The universities watchdog has announced a clampdown on “essay mills” which help students cheat to gain their degrees.
An investigation last year by the Quality Assurance Agency found hundreds of companies were producing work for students to pass off as their own.
The companies charge from as little as £15 to almost £7,000 for a PhD dissertation, the QAA found.
Universities minister Jo Johnson says new guidelines will help prevent “unacceptable and pernicious” cheating.
He asked the QAA to produce the guidelines, which urge universities to
- ban essay mills from advertising on campus and block their websites
- use software to spot changes in students’ personal writing styles
- make clear that cheats could miss out on their qualifications
- help struggling students with their writing and study skills
- include students on academic policy and misconduct panels
- improve support for whistleblowers
Mr Johnson said this form of cheating “not only undermines standards in our world-class universities, but devalues the hard-earned qualifications of those who don’t cheat and can even, when it leads to graduates practising with inadequate professional skills, endanger the lives of others”.
And QAA chief executive Douglas Blackstock said it was important that students were not “duped by these unscrupulous essay companies”.
“Paying someone else to write essays is wrong and could damage their career,” he said.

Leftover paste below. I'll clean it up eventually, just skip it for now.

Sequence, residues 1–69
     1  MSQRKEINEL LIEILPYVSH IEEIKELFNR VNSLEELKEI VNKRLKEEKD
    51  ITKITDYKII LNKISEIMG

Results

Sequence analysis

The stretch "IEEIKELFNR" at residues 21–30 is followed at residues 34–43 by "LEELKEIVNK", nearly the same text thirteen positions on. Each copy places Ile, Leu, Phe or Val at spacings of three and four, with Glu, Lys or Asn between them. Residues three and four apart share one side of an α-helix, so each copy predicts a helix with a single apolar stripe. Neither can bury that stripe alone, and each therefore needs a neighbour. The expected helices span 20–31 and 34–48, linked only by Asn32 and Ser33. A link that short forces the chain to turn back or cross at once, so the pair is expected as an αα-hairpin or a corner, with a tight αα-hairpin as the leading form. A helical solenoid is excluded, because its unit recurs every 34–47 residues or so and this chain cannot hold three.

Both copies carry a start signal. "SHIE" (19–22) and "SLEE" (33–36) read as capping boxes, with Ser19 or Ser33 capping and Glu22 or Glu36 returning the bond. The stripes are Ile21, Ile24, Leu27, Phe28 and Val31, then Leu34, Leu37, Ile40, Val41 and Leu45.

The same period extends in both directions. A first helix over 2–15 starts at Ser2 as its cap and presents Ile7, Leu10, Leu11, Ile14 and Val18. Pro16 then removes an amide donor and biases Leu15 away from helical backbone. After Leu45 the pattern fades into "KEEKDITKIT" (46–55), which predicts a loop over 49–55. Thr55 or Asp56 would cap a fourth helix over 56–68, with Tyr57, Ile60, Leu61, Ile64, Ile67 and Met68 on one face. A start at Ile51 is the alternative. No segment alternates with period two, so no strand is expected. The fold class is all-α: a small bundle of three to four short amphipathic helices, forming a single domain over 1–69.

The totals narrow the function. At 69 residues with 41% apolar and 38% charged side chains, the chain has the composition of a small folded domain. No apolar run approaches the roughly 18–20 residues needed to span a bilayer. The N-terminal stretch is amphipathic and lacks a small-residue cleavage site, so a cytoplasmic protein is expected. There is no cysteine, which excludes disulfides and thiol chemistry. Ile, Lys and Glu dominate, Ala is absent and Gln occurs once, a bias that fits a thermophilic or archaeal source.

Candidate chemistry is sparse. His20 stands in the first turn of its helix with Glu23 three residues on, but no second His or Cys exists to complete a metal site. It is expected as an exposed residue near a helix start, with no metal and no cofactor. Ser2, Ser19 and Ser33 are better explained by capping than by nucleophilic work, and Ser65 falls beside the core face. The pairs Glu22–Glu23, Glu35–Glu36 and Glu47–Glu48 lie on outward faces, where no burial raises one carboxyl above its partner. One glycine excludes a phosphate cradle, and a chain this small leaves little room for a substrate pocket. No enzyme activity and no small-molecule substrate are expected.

Last year there were posters advertising essay writing services at London Underground stations near universities, and another company was distributing flyers to students on the Queen Mary University of London campus.
The National Union of Students is launching its own campaign against essay cheats.
Amatey Doku, NUS vice-president for higher education, said some students were turning to essay mills because the pressure to get the highest grades when they faced debts of £50,000 was often “overwhelming”.
He said some were having to spend so much time earning money to pay for their studies that time for academic work was squeezed.
“Many websites play on the vulnerabilities and anxieties of students, particularly homing in on students’ fears that their academic English and their referencing may not be good enough.
“Making money by exploiting these anxieties is disgusting.”
Universities UK, which represents vice-chancellors, helped produce the guidance and welcomed its publication.
A spokesman said universities were increasingly engaging with students “from day one” to underline the risks of cheating and to support struggling students.
“Universities have severe penalties for students found to be submitting work that is not their own,” he said.
“Such academic misconduct is a breach of an institution’s disciplinary regulations and can result in students, in serious cases, being expelled from the university.”
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